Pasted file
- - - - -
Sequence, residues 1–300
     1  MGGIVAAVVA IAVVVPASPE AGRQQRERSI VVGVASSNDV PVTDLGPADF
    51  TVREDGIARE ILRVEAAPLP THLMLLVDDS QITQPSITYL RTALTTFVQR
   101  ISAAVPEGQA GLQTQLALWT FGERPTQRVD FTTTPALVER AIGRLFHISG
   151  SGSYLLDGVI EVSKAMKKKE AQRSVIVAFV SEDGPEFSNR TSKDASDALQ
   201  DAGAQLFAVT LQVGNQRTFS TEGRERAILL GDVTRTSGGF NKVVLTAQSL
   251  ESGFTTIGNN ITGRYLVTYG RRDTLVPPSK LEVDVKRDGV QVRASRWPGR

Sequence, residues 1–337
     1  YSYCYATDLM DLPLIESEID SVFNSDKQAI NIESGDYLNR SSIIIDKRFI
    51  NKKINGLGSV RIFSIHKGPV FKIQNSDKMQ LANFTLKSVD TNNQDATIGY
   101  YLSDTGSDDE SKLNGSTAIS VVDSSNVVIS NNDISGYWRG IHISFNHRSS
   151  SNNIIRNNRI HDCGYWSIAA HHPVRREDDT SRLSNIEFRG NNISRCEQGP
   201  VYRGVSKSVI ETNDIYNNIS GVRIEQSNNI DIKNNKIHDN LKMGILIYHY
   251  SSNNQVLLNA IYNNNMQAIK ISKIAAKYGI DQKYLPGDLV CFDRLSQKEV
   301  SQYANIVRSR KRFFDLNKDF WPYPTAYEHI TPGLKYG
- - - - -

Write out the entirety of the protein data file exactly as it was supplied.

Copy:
Sequence, residues 1–300
     1  MGGIVAAVVA IAVVVPASPE AGRQQRERSI VVGVASSNDV PVTDLGPADF
    51  TVREDGIARE ILRVEAAPLP THLMLLVDDS QITQPSITYL RTALTTFVQR
   101  ISAAVPEGQA GLQTQLALWT FGERPTQRVD FTTTPALVER AIGRLFHISG
   151  SGSYLLDGVI EVSKAMKKKE AQRSVIVAFV SEDGPEFSNR TSKDASDALQ
   201  DAGAQLFAVT LQVGNQRTFS TEGRERAILL GDVTRTSGGF NKVVLTAQSL
   251  ESGFTTIGNN ITGRYLVTYG RRDTLVPPSK LEVDVKRDGV QVRASRWPGR

Sequence, residues 1–337
     1  YSYCYATDLM DLPLIESEID SVFNSDKQAI NIESGDYLNR SSIIIDKRFI
    51  NKKINGLGSV RIFSIHKGPV FKIQNSDKMQ LANFTLKSVD TNNQDATIGY
   101  YLSDTGSDDE SKLNGSTAIS VVDSSNVVIS NNDISGYWRG IHISFNHRSS
   151  SNNIIRNNRI HDCGYWSIAA HHPVRREDDT SRLSNIEFRG NNISRCEQGP
   201  VYRGVSKSVI ETNDIYNNIS GVRIEQSNNI DIKNNKIHDN LKMGILIYHY
   251  SSNNQVLLNA IYNNNMQAIK ISKIAAKYGI DQKYLPGDLV CFDRLSQKEV
   301  SQYANIVRSR KRFFDLNKDF WPYPTAYEHI TPGLKYG